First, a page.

CSE 301 Spring 2009
Ethics in Computing Syllabus
This document is available at http://www.public.asu.edu/~ccolbou/src/301syllabuss09.html
CSE 301 is introductory course to
ethical issues that arise in the practice of computer science.
Course Objectives and Outcomes
- Students will understand the contributions made by pioneers in mathematics and computer science.
- Students will be aware of intellectual property rights, including: copyrights and patents.
- Students will understand issues associated with privacy.
- Students will be aware of methods and tools of analysis (ethical frameworks): Identify and evaluate ethical choices.
- Students will understand professional and ethical responsibilities, including those defined in the ACM/IEEE Professional Code of Ethics.
- Students will understand the emerging issues related to ethics in cyberspace.
Topics to be Covered:
Introduction - Chapter 1, 4 - instructor
Student Presentations and Student-Led Discussions
- Privacy - Chapter 5
- Security - Chapter 6
- Cybercrime - Chapter 7
- Intellectual Property - Chapter 8
- Commerce and Free Speech - Chapter 9
- The Digital Divide - Chapter 10
- Digital Identity and Digital Communities - Chapter 11
- Our Dependence on Cybertechnology - Chapter 12
- A Brief History of Computing - instructor
- Wrapup and Conclusions - instructor
The grading for the class is as follows:
- the presentation itself, evaluation by instructor - 40%
- the presentation itself, evaluated by remainder of class other than team - 20%
- contribution to the presentation, assessment by remainder of team - 10%
- contribution to the presentation, self-assessment (one page written explanation) - 10%
- class participation in discussions, evaluation by instructor - 20%
Note: Because it is hard for everyone to speak given the limited amount of time, participation is understood to mean providing meaningful written evaluations of the presentations at the end of the class.
The Class Presentation:
- By 10:00 a.m. on 29 January, email the instructor with a list of the eight topics listed above, ordered by preference.
- The instructor will then partition the class into eight teams of 5-6 members each (team size depends on the size of the class). Every effort will be made to assign each student to a team and topic that is among their most preferred.
- Each team should meet to partition itself into two subteams.
- Report this division to the instructor by 12 February.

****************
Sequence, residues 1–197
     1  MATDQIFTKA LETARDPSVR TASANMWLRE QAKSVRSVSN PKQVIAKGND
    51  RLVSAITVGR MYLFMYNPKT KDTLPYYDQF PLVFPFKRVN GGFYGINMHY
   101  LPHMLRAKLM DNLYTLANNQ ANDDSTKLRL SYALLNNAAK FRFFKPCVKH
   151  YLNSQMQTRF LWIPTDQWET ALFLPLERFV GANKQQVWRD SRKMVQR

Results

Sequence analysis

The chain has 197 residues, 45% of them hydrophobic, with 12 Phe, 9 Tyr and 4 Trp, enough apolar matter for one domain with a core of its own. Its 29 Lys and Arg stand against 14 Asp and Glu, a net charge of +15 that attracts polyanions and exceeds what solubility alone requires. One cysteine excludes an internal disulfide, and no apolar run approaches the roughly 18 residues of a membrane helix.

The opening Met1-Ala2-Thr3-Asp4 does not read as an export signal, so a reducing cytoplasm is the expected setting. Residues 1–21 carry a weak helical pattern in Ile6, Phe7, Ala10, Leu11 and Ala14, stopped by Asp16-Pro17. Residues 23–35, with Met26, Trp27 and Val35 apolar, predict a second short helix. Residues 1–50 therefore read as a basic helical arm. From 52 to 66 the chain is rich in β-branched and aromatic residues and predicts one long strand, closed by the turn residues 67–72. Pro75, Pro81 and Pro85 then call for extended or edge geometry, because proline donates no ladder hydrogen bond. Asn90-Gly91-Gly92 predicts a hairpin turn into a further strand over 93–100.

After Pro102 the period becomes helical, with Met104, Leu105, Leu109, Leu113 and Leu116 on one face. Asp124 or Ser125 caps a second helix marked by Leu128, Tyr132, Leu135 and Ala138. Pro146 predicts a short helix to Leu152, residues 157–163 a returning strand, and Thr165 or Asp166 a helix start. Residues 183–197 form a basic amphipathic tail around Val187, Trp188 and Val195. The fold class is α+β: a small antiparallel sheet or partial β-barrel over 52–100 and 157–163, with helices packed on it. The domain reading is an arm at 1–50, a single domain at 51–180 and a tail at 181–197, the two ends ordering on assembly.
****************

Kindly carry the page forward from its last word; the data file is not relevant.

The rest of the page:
One subteam is to present a general overview of the topic.
- The other subteam is to agree on a specific issue from this topic to discuss in more detail.
- Coordination among the two subteams can be quite loose, requiring only a meeting to partition into subteams, and a meeting to coordinate the two presentations. Each subteam will make its own presentation.
- Each presentation will be 20 minutes plus five minutes for questions, but allow time during the presentation for discussion and questions. The best format should solicit involvement from the class. The
presentation can be given by one, two, or all members of the team -- but the workload must be shared as equally as possible in the presentation, whoever actually presents it!
- The presentations will be on Feb 19, Feb 26, Mar 05, Mar 19, Mar 26, Apr 02, Apr 09, and Apr 16.
- A copy of the powerpoint presentation for each subteam is to be emailed to the instructor by 6:00 p.m. the day before the presentation. Please also make sure that you can access the presentation in your own email or files to make sure that it can be downloaded for presentation. Flash drives often will not work in the classroom computer.
Presentations will be evaluated on content first, style second. Evaluation of the presentation itself will be by the instructor and class members other than team members.
Evaluation of the individual team member's contribution will be by the other members of the team, and through self-assessment. For the latter, a one-page document detailing
the individual's contributions to the presentation is to be submitted. These need not be shared with the other team members, but I encourage teams to work on them together and share them.
- The content is not restricted to material from the course text. Feel free to consult and use other sources.
- Find examples, data, or anecdotes that make your presentation interesting! But do not in the process violate any university policy; for example, it would not be appropriate to violate someone's civil rights in order to
show how easily that can be done!!